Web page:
It’s that time of year again when employers need to start planning how their businesses will operate during the end-of-year holiday season, if they have not already done so.

Many businesses get busier and may need their employees to work more hours and on public holidays. Other businesses may shut down (also known as a ‘close down’) or reduce staff numbers.

Whatever the case, business owners need to plan ahead and look at working arrangements to ensure operations run smoothly.

Employees who require employees to take annual leave during a shutdown

An employer can direct their employees to take annual leave while the business has shut down if their award or registered agreement allows it. Most awards have rules about how and when an employer can direct their employees to take annual leave. In most cases, the direction to take annual leave during a shutdown must be:

  • Reasonable
  • In writing
  • Given to affected employees within the required notice period

Some awards allow employers and a majority of affected employees to agree on a shorter notice period for a shutdown direction. An award may also provide that a business can only close during certain periods, such as the end-of-year period.

Many awards have updated clauses about annual leave during shutdowns. Each award and agreement is different, so it is important that employers check prior to directing any employees to use annual leave.

If no award or agreement applies, employers can only direct the employee to take annual leave if the direction is reasonable.

Employees without enough annual leave to cover a shutdown

If the award or agreement allows it, employees can agree with their employer to take:

  • Annual leave before they have accrued it
  • Unpaid leave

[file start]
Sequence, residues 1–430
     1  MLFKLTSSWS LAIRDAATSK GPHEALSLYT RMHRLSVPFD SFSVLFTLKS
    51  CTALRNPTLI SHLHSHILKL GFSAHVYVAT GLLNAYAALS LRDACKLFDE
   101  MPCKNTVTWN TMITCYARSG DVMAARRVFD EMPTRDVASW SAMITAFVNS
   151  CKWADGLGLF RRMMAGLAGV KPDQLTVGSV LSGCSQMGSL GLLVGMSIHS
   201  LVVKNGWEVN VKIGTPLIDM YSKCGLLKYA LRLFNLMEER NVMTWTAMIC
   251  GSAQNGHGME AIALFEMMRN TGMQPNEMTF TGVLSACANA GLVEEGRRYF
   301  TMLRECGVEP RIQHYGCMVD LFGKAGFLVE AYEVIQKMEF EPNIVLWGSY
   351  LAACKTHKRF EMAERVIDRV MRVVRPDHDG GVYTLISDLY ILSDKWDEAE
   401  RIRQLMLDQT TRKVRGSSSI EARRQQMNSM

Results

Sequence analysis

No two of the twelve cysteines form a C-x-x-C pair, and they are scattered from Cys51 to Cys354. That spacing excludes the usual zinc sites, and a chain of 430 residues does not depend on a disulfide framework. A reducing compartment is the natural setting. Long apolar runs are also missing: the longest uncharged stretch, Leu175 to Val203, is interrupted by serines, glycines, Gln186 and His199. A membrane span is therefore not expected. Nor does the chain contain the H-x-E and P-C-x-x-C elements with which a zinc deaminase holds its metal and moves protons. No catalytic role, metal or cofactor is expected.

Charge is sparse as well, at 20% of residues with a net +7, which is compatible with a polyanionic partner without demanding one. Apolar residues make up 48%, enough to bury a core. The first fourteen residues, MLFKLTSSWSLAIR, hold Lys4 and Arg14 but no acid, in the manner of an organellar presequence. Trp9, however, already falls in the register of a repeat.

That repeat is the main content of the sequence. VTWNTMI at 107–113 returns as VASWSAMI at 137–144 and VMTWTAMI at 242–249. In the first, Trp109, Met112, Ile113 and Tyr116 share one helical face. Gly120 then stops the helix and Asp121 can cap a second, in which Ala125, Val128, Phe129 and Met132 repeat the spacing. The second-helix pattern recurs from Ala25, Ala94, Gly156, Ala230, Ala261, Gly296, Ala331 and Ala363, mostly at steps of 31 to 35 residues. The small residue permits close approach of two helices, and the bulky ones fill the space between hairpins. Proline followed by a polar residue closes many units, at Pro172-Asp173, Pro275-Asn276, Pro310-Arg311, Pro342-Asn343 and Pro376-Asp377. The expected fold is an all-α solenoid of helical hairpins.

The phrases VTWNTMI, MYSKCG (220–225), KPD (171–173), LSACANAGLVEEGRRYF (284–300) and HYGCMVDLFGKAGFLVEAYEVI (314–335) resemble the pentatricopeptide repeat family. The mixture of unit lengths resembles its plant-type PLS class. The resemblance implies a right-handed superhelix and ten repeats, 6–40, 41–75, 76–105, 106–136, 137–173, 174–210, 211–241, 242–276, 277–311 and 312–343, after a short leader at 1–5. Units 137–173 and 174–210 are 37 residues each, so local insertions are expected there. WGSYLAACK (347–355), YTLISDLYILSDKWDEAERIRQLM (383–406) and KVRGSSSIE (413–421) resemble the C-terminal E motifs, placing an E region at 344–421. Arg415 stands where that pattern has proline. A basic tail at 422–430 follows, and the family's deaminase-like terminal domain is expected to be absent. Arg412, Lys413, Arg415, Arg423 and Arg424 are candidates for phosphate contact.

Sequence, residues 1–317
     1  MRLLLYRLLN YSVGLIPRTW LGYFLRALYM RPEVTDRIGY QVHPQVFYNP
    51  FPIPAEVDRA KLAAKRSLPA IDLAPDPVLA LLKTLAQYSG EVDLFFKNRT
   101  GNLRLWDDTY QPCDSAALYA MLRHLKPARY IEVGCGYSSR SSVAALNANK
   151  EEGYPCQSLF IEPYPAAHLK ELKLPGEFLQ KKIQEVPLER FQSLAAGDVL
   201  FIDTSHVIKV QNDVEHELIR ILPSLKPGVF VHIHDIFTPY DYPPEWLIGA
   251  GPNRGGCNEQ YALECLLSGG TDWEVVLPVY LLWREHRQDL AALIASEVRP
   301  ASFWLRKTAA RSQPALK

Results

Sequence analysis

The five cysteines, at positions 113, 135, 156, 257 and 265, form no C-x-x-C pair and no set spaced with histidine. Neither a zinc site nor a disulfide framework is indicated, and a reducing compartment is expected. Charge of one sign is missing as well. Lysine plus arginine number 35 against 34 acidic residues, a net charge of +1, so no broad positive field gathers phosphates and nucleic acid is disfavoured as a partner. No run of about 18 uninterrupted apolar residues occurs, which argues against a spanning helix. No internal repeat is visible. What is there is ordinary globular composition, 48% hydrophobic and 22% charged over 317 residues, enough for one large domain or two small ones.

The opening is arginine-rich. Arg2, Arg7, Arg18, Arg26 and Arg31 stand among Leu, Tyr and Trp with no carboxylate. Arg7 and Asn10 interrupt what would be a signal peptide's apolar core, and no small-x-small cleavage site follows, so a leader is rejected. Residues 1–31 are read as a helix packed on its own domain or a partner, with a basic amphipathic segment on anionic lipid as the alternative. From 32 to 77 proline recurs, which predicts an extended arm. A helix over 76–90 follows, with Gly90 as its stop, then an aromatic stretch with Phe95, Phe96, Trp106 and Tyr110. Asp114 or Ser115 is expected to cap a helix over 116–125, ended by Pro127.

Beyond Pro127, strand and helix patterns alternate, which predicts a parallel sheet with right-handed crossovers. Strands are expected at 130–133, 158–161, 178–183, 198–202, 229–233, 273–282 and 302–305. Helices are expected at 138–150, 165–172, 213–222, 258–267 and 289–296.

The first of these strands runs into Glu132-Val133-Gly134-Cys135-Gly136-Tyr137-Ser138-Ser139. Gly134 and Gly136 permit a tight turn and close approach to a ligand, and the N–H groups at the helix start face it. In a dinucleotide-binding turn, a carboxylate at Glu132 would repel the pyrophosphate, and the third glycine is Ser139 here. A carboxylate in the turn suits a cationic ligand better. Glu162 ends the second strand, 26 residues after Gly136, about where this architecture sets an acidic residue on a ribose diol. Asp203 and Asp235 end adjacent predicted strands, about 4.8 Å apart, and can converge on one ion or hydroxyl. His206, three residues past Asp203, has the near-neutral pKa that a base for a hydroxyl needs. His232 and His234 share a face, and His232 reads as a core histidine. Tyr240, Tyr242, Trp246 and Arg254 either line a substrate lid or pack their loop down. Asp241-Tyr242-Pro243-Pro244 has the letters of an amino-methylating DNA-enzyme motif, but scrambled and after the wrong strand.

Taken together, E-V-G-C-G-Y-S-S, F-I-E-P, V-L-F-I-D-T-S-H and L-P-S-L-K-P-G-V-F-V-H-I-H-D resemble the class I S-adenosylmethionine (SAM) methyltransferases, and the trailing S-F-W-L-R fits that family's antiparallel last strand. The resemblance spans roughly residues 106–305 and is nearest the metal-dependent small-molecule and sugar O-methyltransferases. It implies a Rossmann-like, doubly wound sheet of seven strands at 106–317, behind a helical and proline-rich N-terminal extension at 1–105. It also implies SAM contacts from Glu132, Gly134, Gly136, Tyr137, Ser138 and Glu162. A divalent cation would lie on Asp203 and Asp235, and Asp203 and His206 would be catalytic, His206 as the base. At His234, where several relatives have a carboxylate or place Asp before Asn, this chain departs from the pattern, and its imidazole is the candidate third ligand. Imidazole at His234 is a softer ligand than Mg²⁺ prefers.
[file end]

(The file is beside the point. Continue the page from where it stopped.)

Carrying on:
What about Awards and agreements without shutdown rules?

Employers cannot direct their employees to take annual leave during a shutdown if their award or agreement does not have rules allowing the direction. However, employees can agree with their employer to take annual leave (including before they’ve accrued it) or unpaid leave during the shutdown.

Employees who work during a shutdown

If an employee continues to work when a business shuts down, they should receive their normal pay. If there is a public holiday during the shutdown, employees should still be given the day off without loss of pay, or they should be paid the public holiday rates under their award or agreement if they work.

Working overtime or on a public holiday

Employers can ask their employees to work overtime or work on public holidays if the request is reasonable. An employee can refuse a request to work if they have reasonable grounds. When requesting that an employee work on a public holiday, employers need to consider all relevant circumstances.

Whether a request is reasonable depends on several things, including:

  • The needs of the business
  • The role and responsibility of the employee
  • The employee’s personal commitments, like family or caring arrangements
  • How much notice the employee gets about the extra hours
  • What the employee’s contract says

If an employee works overtime or on a public holiday, their award or registered agreement may give them additional entitlements such as:

  • Penalty rates
  • A different day off
  • Extra annual leave

Paying employees who don’t work on a public holiday

When a public holiday falls on a full-time or part-time employee’s usual work day, employers need to pay them their base pay rate for the ordinary hours they would have normally worked. This applies even when an employee is on paid annual leave during a shutdown. The minimum pay rate does not include any loadings, overtime, or penalty rates that they usually get for working that day. An employee’s roster cannot be changed to deliberately avoid this payment.

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